By Greg Kitajima
NAJGA member Greg Kitajima helps uncover history in a Japanese internment camp garden plot in Colorado and opens a door to his own family’s story as a Japanese-American.
I had not looked through the schedule of speakers at the 2016 North American Japanese Garden Association (NAJGA) conference in Delray Beach, Florida. this past spring. I almost skipped the conference but decided to finally attend. I had no idea until five minutes before her presentation that Dr. Bonnie Clark of Denver University would be giving a presentation on the archaeology field school that she runs at the Amache Internment camp, in Granada Colorado, the camp where both my parents and their families were interned from 1942-1945. Funny how things work out the way that they should.
As is very common among former internees of the detention camps, no one in the family had ever really spoken about their experience about that time. In Japanese culture, there is a belief and practice that you do not complain about bad things that happen to you in life. You accept it and move on.I knew that my family had been interned at Amache, but knew little beyond the name of the camp, so the opportunity to visit the site and work with an archaeology field school studying the gardens that were built there was something that I could not have ever imagined happening.
For one whole week in July, I volunteered with Dr. Clark’s field school. The field school was split into two groups, one excavating garden plots and the other focusing on camp life, searching for artifacts. All of the artifacts that they find are electronically plotted on a map, photographed and documented, then returned to the specific site of discovery.
For the first 3 days, I worked helping to excavate what was believed to be a garden plot. Over the last seventy-odd years, the shifting sands of the plains have drastically altered the existing grade. This particular site was identified by two pieces of concrete that protruded from the ground, obviously purposely placed. At this camp, the barracks were built on poured cement foundations, and as there are no native rocks in the surrounding area, except for small sized stones from the Arkansas river about a mile away, the internees broke off pieces of the concrete over pour and used them as stones in their gardens. In my one square meter plot, approximately 10 centimeter below grade, I uncovered a planting hole, which appeared as nothing more than a 20-inch dark shaded circle with a slightly darker 12-inch diameter circle inside of it. Later, through soil analysis and other lab testing, it has been determined that this was where a plant had been transplanted from the Arkansas river. Garden archaeology of this type is all interpretive, so this is just one piece of a puzzle that may take years to piece together, due to the limited time that they have. In the future, they will return to this plot and do more excavation.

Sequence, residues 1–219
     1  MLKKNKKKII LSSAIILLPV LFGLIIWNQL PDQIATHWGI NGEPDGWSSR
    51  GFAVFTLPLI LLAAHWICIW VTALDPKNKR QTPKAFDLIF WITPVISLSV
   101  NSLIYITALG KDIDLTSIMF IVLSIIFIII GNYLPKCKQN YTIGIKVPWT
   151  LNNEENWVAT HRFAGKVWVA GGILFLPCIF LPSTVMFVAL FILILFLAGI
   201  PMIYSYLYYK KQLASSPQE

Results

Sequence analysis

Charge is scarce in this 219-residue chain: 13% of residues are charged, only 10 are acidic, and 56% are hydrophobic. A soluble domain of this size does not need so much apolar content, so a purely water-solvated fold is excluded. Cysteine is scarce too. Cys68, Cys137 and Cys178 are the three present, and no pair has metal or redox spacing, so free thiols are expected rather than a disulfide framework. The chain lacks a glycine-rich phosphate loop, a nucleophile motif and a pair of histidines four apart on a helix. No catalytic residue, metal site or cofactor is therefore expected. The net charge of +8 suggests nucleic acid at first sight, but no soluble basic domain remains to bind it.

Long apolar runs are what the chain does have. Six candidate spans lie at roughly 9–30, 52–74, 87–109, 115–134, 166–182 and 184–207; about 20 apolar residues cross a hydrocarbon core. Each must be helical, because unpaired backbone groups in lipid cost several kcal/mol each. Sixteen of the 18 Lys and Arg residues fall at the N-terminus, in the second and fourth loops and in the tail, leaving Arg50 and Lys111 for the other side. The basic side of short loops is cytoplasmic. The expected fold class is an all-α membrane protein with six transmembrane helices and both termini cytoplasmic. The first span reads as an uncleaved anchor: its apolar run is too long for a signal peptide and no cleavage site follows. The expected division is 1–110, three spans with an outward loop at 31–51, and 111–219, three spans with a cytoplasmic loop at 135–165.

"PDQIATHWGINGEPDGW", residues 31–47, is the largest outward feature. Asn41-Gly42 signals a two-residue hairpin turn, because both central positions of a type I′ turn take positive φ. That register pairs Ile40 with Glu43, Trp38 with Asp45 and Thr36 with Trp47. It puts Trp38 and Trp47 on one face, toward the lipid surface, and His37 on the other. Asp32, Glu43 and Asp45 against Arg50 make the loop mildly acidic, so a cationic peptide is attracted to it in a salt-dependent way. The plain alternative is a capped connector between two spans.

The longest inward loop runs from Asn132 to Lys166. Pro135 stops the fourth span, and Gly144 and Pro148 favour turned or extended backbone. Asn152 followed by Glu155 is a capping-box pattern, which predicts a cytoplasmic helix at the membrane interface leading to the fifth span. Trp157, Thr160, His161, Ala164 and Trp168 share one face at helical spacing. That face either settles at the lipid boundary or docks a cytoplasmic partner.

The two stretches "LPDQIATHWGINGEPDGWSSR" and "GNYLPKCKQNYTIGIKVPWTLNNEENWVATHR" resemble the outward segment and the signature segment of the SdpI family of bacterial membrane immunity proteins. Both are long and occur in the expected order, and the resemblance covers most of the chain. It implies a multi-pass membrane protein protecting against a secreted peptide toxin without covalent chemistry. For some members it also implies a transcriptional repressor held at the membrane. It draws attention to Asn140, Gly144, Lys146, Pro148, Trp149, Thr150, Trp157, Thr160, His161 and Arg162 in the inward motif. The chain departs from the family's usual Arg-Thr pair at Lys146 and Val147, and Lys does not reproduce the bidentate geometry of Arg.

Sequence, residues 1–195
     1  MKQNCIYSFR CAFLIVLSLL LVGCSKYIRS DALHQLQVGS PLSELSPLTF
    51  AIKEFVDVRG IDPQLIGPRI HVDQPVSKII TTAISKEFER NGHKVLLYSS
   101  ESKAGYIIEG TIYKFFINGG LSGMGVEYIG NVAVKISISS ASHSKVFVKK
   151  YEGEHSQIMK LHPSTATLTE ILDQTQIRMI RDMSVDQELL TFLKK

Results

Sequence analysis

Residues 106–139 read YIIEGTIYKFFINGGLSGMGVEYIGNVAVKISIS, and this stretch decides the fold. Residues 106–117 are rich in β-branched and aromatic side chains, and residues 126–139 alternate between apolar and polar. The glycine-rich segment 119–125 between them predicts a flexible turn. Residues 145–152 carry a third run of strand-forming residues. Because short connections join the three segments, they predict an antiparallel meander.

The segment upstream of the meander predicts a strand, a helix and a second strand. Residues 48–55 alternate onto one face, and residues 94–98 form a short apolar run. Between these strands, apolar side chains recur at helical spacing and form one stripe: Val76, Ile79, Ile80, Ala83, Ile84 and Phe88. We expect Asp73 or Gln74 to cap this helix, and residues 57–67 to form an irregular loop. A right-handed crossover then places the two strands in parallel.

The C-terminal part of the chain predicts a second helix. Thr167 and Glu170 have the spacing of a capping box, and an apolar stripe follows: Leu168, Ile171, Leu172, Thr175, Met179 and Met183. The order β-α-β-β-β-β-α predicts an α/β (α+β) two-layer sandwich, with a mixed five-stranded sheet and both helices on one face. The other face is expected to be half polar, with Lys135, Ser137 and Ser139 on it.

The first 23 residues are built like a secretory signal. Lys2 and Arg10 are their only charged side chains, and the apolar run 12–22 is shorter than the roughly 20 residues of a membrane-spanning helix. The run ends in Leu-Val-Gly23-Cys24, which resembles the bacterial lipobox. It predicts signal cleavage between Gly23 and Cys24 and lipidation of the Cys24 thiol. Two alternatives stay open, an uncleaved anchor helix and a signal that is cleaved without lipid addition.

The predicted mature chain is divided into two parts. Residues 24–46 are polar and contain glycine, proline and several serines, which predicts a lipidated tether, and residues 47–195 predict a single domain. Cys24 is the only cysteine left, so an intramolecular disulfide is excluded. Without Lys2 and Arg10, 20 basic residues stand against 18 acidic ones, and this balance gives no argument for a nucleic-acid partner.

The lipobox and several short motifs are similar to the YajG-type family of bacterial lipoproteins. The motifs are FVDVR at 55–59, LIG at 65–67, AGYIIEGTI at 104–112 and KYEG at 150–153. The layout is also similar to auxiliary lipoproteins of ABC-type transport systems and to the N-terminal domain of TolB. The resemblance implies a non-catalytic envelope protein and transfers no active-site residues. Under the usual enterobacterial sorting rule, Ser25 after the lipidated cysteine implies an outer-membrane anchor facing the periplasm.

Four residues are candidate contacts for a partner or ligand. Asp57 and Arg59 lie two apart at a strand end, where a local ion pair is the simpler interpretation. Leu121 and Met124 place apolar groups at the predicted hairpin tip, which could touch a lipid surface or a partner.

Although the archaeology work was fascinating and directly tied to my work in Japanese-style gardens, it was the last two days that I spent with the group that were the most meaningful.During their second to last weekend, the field school holds an open house for former internees and their relatives. There were about 60 people who attended this event, including my mother and her sister who were 8 and 5 years of age, respectively, when they entered the camp.
This was their first return to Amache since their release in 1945. As part of the program, Dr. Clark took us to the foundation of the barrack where they were housed. The flood of emotions that I experienced standing in the exact spot where my mother’s family was housed was pretty overwhelming. I also had the opportunity to meet and hear stories from other internees, two of which had very vivid memories of camp. One woman spent the larger part of her high school years in camp.
I look forward to 2018, when the next Denver University Archaeological Field School will run, and I am already planning to return for a longer stay this time. Were it not for NAJGA, it is very possible that I might never have made the connection with Dr. Clark and that dark portion of my family history may have remained a mystery.